Text Colors

From Low Vision Accessibility Task Force

SC Shortname

Text Colors

SC Text

Users must be able to change foreground and background colors chosen from the full range of color choices provided by the user agent, without loss of important information.

Suggested Priority Level

Level A

Related Glossary additions or changes

Use COGA's important information definition:

Important information:

  1. information the user may need to complete any action or task including an offline task; and
  2. information the user may need to know related to safety, risks, privacy, health, or opportunities.

What Principle and Guideline the SC falls within.

Principle 1, Guideline 1.4


Simply Put: Users can choose any colors available from the user agent's pallet, and information on the web page must still be perceivable. If the user needs high contrast, the user can set high contrast. If the user needs high contrast with minimal brightness, that can be done if that lies within the capability of the user agent. If a color pattern makes the user just feel comfortable when reading, a significant challenge for most people with low vision, then that is possible, within the capabilities of the user agent.

Attaching the limits of the user agent to color choices available to the user enables authors to support full-color choice on devices with user agents that support full color choice. However, if the user agent can support only a limited pallet, the author is not responsible for writing special code to extend the color choices. For full color, the user must choose a device and a user agent that support full color. The only limit this places on content authors is to not go out of their way to create color patterns that cannot be changed by mechanisms that are available to user agents.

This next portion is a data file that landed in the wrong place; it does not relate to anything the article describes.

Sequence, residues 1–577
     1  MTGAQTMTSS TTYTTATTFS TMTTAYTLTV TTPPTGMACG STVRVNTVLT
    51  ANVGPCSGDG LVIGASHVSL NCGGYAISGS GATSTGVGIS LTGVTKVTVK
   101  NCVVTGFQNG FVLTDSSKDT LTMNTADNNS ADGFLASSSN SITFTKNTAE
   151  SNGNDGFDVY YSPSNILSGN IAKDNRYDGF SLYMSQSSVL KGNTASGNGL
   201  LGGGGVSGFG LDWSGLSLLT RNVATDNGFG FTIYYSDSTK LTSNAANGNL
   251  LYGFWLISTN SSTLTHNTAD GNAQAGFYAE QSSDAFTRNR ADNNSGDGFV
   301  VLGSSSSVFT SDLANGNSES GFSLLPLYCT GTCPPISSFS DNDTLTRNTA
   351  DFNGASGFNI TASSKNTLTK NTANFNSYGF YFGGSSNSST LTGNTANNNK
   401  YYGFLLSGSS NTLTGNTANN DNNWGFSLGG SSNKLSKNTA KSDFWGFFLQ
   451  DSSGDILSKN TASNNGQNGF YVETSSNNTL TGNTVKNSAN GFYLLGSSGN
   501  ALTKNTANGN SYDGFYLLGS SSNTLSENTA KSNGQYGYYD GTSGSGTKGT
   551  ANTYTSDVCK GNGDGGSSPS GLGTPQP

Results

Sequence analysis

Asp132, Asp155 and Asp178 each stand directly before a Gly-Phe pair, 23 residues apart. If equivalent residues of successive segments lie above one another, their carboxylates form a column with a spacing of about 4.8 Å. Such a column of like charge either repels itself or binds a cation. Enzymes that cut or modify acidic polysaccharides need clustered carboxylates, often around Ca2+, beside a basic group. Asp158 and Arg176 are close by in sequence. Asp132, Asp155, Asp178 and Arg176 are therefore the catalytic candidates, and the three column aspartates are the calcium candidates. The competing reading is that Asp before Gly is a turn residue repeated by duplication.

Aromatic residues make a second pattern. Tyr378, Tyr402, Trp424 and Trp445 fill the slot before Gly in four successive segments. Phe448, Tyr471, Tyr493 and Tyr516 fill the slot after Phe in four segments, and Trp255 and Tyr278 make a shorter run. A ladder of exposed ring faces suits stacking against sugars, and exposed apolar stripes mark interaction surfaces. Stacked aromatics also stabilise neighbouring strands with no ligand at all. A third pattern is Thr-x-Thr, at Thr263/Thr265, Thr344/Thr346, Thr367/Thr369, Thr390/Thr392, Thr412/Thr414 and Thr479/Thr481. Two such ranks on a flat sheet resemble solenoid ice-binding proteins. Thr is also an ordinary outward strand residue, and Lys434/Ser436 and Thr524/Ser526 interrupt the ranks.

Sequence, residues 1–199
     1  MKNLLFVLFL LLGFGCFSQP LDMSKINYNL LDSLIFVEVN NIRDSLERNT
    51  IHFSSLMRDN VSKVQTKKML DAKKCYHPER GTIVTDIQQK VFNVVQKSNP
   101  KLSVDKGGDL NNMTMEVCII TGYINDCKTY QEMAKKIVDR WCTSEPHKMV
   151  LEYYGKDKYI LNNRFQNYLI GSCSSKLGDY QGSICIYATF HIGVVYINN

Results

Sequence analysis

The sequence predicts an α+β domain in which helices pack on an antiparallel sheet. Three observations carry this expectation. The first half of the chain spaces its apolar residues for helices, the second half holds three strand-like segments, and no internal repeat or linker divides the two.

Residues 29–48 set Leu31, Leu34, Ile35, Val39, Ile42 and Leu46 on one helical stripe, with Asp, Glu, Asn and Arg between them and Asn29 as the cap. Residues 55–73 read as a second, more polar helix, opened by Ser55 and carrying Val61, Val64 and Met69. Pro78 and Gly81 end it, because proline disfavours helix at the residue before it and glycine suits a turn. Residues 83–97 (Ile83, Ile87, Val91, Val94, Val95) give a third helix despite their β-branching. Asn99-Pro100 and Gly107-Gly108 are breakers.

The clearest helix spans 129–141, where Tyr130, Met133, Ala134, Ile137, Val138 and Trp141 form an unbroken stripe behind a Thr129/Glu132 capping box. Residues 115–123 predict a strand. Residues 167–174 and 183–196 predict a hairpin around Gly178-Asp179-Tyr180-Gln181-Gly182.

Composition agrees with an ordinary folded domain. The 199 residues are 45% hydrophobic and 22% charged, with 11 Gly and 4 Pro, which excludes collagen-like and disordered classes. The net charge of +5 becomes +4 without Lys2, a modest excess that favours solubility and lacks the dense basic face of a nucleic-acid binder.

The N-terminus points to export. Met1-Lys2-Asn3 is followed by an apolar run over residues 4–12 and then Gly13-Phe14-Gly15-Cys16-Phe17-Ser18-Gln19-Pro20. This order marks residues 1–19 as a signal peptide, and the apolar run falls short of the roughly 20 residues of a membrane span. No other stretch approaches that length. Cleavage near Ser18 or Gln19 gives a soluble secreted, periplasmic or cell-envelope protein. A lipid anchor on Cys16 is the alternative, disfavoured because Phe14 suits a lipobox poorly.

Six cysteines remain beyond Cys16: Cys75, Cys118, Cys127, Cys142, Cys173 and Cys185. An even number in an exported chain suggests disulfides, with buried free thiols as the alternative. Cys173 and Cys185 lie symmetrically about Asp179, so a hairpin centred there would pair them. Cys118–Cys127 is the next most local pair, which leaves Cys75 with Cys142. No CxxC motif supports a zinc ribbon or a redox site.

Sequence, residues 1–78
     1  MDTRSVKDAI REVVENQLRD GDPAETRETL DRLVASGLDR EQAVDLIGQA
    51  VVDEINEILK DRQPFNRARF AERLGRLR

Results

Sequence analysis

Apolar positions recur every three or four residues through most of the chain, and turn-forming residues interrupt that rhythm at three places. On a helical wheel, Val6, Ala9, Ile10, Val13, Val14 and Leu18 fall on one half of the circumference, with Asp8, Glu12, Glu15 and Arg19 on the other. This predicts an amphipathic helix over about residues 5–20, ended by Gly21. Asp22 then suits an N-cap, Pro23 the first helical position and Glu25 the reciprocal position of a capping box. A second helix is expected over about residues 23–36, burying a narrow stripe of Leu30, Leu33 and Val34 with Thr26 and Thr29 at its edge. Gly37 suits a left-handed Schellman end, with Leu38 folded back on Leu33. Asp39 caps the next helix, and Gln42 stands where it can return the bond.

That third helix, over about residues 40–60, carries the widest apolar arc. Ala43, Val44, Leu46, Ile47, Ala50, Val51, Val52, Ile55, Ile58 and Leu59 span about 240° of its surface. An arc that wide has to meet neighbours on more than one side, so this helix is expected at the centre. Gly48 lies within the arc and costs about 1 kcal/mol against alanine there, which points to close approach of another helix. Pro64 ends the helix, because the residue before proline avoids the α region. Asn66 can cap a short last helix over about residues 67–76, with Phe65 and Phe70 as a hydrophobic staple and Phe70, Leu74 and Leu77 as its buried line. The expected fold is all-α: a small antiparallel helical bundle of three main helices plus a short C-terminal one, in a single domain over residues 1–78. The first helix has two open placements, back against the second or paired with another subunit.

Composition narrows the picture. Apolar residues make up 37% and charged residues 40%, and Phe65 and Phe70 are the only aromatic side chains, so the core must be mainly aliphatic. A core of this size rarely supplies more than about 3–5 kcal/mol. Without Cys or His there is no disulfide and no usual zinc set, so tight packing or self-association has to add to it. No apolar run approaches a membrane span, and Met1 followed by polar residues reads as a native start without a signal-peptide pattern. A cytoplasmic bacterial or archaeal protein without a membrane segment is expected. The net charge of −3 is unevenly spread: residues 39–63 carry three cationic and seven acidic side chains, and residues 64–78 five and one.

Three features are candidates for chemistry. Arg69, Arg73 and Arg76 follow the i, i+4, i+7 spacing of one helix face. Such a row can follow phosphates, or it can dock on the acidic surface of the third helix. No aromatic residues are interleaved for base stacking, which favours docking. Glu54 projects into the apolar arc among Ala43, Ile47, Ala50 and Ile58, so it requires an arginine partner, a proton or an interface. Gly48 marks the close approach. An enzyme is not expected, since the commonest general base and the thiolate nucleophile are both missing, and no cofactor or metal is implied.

The things that a website can do to prevent this from working are the following.

  • Prevent application of custom style sheets or user-agent extensions applied by users to provide custom color choices.
  • Rely on background images to provide contrast for foreground text.
  • Use text within images.
  • Use background images to contain important information.

Note: The barrier created by placing important information in background images works as follows: The user may need to remove the background image to achieve color accommodation, such as high contrast. Important information will be lost when the background image is removed. That will prevent necessary color accommodation. This barrier prevents many operating system color contrast mechanisms from working properly.

The images below give examples of custom color settings in HTML and PDF respectively. Most browsers on desktops and laptops enable custom style sheets, meaning that the color pallet available to HTML is 16M on laptops and desktops. The portable document format (PDF) also has user agents that enable 16M on similar platforms. Thus, the author must do nothing to prevent the choice of 16M colors for HTML or PDF where the user agent supports 16M colors.

Custom color HTML view

The figure above shows the W3 Wiki page with custom colors to meet this Success Criterion. The color is optimized for a user with contrast insensitivity and photo-sensitivity (a common combination that is missed by most high contrast color schemes). Note that all controls remain visible and operational.

Custom color PDF view

The figure above is a PDF file with a custom color. It too was drawn from a pallet of 16M colors.